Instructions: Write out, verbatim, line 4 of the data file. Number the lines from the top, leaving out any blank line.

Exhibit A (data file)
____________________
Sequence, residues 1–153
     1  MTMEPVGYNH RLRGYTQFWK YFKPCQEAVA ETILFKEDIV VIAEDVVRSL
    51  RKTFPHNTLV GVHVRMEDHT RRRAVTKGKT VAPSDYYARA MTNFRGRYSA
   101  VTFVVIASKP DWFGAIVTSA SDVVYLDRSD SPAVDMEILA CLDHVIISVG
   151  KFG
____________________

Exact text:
   101  VTFVVIASKP DWFGAIVTSA SDVVYLDRSD SPAVDMEILA CLDHVIISVG